The circular logic that pervades pro-Israeli rhetoric today is in fact
undermining the security of the Jewish State, and feeding the fire of
anti-Jewish sentiment worldwide. This logic can be traced to some of
the earliest Zionist thinkers, including Leo Pinsker and Theodore
Herzl, who theorized that humanism would not prevail against hatred and
that it was time for Jews to form a nation-state of their own.
For Herzl, the Jewish people already constituted a nation—living in Diaspora—so the formation of a Jewish State was the logical next step. Nationalism was of course the fashion of the day, and Zionism emerged as a secular-political nationalist platform intended to solve the problem of anti-Semitism in Europe by carving out a national home for Jews somewhere else. The religious components emerged later, after Palestine became the focus of the Zionist project, and political Zionists adopted the religious narrative of Zionism (exodus and return) in order to facilitate their settler-colonial project in Palestine.
Israel is nearly sixty years old, and political Zionism has been extant almost twice as long. With each passing year, the failure of political Zionism—and its implementation, in the form of the Israeli State— becomes clearer and clearer. Of course, it would be easy to see Zionism as a resounding success. Israel does, after all, exist as a Jewish State; it participates in the globalized economy, it has very close ties to the world's only superpower, and, perhaps most noticeably, it has the fourth-largest military apparatus in the world, with which it conducts wars on a fairly regular basis. By most standards, and indeed by Israeli standards, these accomplishments are the modern day manifestation of Zionism's success. Is this, however, the type of Jewish State envisioned by early Zionist thinkers like Pinsker and Herzl? Of course not– Zionist thinking was heavily influenced by socialist values and utopian visions of a peaceful Jewish state. As the Zionist project progressed, however, nationalist fervor seems to have clouded the minds of monumental Zionist leaders like Ben-Gurion, who failed to understand the hypocrisy, and foolishness, of trying to establish an exclusively Jewish state in a land already populated by Christians, Jews, and Muslims alike.
Ben-Gurion's famous Zionist slogan, "A land without people for a people without land" fully exemplifies the nationalist roots of political Zionism as it emerged at the end of the 19th century and began to blossom in the early years of the 20th.The reality is that Palestine was already densely populated and heavily cultivated before the arrival of any Zionists, with British Census records indicating a Palestinian population of 600,000 in 1920. More than just a clever slogan, Ben Gurion's statement is instead an indicator of Zionism's nationalist-inspired interpretation of citizenship and nationhood. In 1937, Ben Gurion argued that "We must expel the Arabs and take their places," acknowledging the presence of Arabs on the land, but also denying the presence of Palestinians.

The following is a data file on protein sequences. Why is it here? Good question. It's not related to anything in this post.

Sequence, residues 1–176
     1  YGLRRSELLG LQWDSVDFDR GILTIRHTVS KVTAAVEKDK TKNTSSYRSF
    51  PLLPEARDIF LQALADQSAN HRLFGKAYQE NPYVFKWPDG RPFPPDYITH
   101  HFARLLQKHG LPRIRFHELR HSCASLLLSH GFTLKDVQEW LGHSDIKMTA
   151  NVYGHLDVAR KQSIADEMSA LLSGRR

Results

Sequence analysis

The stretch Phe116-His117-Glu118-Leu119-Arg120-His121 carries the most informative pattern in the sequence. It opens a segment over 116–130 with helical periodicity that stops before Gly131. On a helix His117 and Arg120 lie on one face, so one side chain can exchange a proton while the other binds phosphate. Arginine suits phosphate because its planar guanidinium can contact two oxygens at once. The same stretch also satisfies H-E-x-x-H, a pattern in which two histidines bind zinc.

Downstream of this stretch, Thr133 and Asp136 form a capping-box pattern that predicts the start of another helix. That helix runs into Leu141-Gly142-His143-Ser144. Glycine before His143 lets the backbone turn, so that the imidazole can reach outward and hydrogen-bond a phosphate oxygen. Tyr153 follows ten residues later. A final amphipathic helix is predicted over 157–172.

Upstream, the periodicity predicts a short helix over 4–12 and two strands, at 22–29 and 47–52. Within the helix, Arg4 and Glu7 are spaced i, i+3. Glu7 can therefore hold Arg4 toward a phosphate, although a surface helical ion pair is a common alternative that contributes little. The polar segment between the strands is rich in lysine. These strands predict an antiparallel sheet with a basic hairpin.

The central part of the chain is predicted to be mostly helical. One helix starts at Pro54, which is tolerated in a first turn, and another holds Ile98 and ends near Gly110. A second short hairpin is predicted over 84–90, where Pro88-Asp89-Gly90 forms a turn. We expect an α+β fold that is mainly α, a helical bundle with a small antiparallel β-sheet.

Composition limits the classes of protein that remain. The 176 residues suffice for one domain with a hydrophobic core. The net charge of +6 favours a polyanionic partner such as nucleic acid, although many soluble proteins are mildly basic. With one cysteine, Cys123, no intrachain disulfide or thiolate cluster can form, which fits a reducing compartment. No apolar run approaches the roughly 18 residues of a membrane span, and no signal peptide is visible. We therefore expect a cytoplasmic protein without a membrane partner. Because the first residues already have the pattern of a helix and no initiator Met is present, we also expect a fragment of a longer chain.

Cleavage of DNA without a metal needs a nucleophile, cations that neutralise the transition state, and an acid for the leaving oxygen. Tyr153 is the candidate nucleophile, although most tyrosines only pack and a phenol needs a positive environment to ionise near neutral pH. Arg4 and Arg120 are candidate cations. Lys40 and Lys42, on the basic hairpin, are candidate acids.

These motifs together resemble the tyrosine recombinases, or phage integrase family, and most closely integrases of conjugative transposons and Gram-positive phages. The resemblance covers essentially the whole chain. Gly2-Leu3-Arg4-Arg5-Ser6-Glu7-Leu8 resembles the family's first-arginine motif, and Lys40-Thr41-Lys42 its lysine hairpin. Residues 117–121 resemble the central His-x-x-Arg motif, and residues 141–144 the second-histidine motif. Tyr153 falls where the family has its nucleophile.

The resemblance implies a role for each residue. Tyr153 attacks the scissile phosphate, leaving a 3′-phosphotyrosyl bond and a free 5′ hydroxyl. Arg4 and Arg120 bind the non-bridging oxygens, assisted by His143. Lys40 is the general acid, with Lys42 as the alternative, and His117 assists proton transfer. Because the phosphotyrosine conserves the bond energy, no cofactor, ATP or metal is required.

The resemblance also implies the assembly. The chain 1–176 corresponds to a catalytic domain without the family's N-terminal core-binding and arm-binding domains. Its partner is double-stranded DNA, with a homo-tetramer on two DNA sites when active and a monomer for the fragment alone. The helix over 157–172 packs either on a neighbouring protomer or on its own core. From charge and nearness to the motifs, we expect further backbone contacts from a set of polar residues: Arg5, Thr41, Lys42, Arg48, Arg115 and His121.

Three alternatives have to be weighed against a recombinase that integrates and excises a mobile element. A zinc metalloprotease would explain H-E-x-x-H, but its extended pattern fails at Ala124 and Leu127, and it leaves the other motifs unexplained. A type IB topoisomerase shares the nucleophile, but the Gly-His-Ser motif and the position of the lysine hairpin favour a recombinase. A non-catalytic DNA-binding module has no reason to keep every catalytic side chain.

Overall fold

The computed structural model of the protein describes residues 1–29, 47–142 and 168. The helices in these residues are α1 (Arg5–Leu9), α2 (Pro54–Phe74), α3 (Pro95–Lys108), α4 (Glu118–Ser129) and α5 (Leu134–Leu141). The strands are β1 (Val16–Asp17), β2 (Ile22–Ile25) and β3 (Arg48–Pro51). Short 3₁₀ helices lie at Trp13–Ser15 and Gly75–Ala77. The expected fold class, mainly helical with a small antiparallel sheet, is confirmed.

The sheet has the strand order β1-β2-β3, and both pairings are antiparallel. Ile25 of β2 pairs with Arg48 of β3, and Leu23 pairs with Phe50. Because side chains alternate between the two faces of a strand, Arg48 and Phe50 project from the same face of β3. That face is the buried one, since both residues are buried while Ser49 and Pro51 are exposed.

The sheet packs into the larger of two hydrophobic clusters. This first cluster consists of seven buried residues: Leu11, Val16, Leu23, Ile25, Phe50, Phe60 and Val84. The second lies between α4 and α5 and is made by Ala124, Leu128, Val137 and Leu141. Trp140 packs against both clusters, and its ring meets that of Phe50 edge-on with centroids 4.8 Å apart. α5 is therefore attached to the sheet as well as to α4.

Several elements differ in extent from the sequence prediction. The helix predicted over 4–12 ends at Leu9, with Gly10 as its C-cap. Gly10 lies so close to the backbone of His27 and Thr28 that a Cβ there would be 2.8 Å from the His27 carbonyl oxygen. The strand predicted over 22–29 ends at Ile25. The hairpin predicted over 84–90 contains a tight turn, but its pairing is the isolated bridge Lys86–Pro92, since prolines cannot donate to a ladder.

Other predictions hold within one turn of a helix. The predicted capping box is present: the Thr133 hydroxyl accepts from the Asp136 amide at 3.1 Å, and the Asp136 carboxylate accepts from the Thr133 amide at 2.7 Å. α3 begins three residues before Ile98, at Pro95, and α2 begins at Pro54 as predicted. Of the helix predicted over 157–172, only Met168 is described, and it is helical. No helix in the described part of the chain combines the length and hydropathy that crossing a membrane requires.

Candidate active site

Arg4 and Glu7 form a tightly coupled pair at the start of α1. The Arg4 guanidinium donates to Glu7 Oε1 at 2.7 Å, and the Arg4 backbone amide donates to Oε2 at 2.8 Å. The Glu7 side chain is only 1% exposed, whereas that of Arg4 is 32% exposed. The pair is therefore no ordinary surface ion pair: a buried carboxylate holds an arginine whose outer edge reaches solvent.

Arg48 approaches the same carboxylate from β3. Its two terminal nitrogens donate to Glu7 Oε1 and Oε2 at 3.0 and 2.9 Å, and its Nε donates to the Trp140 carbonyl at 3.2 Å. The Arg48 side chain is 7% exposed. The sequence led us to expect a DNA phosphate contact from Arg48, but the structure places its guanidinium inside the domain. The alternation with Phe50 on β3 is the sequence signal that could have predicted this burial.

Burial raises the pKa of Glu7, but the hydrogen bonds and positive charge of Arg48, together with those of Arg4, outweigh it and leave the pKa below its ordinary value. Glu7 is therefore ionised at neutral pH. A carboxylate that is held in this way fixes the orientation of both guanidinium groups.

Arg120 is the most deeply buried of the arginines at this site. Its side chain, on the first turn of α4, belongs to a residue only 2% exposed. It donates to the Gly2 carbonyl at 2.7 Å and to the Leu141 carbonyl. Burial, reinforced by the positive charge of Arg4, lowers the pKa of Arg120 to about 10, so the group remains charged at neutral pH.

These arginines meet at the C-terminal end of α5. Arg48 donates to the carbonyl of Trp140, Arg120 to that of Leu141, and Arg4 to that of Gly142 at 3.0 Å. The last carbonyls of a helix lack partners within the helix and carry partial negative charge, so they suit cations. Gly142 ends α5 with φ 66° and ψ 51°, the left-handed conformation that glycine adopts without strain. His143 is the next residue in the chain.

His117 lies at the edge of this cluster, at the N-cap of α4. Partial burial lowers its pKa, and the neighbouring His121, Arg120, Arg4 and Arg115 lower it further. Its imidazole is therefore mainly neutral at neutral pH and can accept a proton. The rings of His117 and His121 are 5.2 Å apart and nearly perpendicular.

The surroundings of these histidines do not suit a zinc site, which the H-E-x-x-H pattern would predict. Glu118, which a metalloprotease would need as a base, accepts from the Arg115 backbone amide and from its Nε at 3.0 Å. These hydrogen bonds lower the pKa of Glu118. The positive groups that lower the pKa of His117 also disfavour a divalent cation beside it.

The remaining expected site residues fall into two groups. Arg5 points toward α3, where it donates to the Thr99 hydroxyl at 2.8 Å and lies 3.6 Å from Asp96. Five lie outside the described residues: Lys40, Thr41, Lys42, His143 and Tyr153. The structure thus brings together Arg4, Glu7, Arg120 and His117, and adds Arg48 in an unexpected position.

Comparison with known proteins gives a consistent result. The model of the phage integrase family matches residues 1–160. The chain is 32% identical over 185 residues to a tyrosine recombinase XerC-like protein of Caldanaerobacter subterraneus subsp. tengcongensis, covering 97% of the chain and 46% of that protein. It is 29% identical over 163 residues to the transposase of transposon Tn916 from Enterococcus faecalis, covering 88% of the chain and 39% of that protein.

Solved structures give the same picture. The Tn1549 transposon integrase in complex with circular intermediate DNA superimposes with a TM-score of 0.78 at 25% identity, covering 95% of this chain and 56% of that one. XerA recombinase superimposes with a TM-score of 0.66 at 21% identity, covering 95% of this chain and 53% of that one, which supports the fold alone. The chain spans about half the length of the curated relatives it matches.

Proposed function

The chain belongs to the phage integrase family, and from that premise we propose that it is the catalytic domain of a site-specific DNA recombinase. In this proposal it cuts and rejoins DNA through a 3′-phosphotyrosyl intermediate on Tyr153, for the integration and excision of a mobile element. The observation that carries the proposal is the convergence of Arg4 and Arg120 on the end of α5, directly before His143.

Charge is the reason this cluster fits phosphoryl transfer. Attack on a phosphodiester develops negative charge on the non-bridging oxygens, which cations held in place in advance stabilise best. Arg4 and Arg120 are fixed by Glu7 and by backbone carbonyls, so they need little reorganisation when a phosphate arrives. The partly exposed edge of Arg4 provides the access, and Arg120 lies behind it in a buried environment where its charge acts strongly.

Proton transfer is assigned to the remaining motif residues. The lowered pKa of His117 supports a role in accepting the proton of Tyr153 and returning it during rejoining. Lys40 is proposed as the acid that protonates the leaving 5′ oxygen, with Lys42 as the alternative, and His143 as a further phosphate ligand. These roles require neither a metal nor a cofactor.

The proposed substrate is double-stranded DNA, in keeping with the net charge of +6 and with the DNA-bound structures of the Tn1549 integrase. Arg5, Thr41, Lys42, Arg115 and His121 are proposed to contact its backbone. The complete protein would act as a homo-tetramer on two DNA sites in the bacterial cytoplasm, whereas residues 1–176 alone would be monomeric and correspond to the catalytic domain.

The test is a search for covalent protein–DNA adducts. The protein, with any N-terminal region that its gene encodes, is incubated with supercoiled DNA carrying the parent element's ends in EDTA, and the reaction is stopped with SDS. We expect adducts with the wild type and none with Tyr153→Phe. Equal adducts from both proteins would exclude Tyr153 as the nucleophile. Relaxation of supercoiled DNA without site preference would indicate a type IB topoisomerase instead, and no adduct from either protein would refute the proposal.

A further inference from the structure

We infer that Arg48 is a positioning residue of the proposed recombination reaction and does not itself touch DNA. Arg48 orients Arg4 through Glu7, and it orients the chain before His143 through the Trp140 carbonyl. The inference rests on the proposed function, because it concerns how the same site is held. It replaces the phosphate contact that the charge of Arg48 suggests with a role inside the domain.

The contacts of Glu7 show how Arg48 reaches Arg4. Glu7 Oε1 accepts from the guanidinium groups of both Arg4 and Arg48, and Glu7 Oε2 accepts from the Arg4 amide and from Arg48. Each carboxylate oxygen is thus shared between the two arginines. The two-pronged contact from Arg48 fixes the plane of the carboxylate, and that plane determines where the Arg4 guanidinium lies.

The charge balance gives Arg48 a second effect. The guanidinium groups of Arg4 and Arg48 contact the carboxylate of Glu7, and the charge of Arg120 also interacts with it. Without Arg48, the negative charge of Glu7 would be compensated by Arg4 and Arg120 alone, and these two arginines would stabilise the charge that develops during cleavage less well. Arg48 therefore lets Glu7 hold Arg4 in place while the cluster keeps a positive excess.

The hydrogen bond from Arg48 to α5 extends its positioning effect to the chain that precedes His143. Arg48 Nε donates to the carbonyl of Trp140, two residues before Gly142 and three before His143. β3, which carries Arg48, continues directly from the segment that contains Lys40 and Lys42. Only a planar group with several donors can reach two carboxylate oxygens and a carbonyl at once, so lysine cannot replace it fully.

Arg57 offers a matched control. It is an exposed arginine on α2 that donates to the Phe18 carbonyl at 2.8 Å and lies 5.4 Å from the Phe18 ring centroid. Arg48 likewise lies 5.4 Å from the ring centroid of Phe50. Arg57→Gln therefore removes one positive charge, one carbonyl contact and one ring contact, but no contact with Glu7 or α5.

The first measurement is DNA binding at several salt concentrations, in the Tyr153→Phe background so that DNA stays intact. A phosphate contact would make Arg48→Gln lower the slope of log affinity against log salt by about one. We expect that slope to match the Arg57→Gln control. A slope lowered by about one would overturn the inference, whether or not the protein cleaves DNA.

His statement regarding a "land without people" is justified, therefore, on the grounds that Palestinians are not in fact Palestinian, but Arab. As Arabs, they have no particular claim or connection to the land which they occupy—after all, how can there be a Palestine without Palestinians? According to this logic, those who lack a nation-state of their own and so do not qualify as citizens of any particular country, are in fact not "people" at all, so their human rights, such as the right to exist, can be freely trampled upon by phrases like "A land without people for a people without land"
The bankrupt values of nationalism, which privilege nation-states and their citizens above all else, including other peoples and even other nations, have been used to justify colonial endeavors (especially in the Middle East) and countless wars and violence. In this regard, Zionism cannot bear all the blame for the failures of nationalism—it is just one of many doomed nationalist projects, not just for its moral and ethical misgivings, but because of its misdirected implementation in the form of the Jewish state of Israel.
In 1969, then Prime Minister Golda Meir reiterated Ben Gurion's racist-nationalist philosophy in a famous statement to The Sunday Times in 1969, saying "There is no such things as a Palestinian people…It is not as if we came and threw them out and took their country. They didn't exist." And in the same year, revisionist Zionist leader Menachem Begin explained to Kibbutz members the importance of denying presence to Palestinians and Palestine by refuting their very existence:
My friend, take care. When you recognize the concept of “Palestine,” you demolish your right to live in [Kibbutz] Ein Hahoresh. If this is Palestine and not the land of Israel, then you are conquerors and not tillers of the land. You are invaders. If this is Palestine, then it belongs to a people who lived here before you came.